The SSD Evolution
10 TB 3D NAND is upon us.
Last year we spoke in detail about the gap between traditional storage and SSD closing significantly. A lot can change in a year, a phrase which appears particularly apt to the world of SSD. Being more affordable, more powerful and with greater capacity, it’s fair to say SSD is playing a major part in ushering out traditional spinning disk storage.
Previously, we suggested that SSD manufacturers were looking at new ways to increase capacities almost exponentially and that is now becoming a reality. By adopting Micron’s 3D NAND flash chips and stacking them vertically, Intel has created an affordable 10TB SSD, which they recently announced will be making its way to market later this year. With each of these new advancements we are increasingly seeing a Moore’s Law for storage memory.
Intel’s new solid state drive promises a huge jump in capacity and performance, yet retaining the same physical footprint – meaning positive impacts on both device size and data centre real estate. The arrival of the new 3D NAND technology should also signal a lower price per/GB, whilst delivering significant advancements over standard Planar NAND. And if all goes to plan you should be able to reap these cost and productivity gains in the coming months.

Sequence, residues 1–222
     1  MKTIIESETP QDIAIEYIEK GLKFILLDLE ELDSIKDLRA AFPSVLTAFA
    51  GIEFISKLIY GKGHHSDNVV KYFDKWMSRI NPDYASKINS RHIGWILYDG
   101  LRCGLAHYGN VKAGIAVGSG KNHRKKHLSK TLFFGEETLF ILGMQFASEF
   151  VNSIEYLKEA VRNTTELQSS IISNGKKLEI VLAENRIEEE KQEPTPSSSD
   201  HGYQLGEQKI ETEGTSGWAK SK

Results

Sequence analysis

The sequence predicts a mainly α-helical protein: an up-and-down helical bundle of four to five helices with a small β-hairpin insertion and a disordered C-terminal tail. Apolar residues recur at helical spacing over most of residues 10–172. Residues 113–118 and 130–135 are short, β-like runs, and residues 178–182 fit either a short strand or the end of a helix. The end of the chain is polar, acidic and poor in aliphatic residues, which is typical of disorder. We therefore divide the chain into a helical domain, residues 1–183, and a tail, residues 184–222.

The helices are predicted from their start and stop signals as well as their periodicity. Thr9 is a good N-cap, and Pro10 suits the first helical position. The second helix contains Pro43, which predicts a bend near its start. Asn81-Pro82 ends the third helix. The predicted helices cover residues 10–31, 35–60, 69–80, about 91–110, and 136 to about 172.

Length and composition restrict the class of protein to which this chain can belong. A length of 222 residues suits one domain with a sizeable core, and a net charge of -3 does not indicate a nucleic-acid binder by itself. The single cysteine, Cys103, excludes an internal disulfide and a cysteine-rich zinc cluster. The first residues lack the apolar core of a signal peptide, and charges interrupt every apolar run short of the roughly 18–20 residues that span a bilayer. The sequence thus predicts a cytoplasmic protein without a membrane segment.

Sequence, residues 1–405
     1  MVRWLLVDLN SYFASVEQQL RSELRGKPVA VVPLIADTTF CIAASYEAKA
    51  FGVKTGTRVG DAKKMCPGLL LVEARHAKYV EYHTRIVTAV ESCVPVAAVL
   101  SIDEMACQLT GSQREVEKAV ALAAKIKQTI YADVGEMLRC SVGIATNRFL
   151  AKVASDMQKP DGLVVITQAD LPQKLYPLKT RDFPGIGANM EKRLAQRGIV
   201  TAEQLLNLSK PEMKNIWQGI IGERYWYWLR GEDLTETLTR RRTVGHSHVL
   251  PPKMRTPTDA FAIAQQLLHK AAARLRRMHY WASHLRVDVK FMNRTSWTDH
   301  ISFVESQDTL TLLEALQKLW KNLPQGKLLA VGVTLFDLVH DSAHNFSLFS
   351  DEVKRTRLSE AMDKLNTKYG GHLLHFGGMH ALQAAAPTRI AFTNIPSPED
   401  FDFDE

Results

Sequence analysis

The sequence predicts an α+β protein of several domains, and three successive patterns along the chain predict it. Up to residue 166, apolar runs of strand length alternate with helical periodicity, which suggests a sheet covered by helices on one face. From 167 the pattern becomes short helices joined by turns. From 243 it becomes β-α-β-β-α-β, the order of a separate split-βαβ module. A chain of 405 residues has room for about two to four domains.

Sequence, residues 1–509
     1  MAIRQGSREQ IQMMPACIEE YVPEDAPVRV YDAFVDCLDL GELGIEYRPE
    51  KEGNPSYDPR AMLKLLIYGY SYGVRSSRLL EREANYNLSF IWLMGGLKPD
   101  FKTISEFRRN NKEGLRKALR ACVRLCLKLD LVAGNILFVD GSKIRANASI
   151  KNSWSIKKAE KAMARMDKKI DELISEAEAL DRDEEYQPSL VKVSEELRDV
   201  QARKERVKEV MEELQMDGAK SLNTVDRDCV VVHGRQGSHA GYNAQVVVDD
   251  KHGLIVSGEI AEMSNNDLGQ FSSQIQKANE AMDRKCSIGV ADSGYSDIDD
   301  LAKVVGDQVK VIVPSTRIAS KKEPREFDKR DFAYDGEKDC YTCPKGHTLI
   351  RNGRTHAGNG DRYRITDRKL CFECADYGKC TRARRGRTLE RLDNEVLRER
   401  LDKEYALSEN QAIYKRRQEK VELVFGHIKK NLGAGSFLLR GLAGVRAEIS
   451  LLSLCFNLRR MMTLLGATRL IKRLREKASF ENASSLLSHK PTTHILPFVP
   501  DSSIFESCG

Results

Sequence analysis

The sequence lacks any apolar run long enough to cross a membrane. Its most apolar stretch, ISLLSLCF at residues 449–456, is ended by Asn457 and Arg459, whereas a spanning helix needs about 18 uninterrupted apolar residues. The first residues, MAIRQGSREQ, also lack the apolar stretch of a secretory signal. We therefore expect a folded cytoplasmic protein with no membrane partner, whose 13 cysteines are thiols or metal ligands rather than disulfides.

It’s more than just capacity
If anything was holding people back from SSD, some might argue it was the capacity, but really that’s a non-argument now, especially with the arrival of 3D NAND. Similarly, SSD uses an embedded controller to read and write data and in the early days of their development, write speeds were lower than read speeds leading to gripes compared to traditional disk alternatives. However, the current crop of SSDs offer massive jumps in performance too, offering a far more even performance symmetry – with read and write speeds potentially averaging 580 mps and 500 mps respectively, meaning less time required to store and pull data when you need it.
The prospect of 3D NAND technology promises even greater read/write bandwidth, I/O speeds and power savings all within the next 12 months. Consequently, it appears 3D NAND will smash previous ceilings on both capacity and performance. Perhaps its arrival will mark the final demise of spinning disk.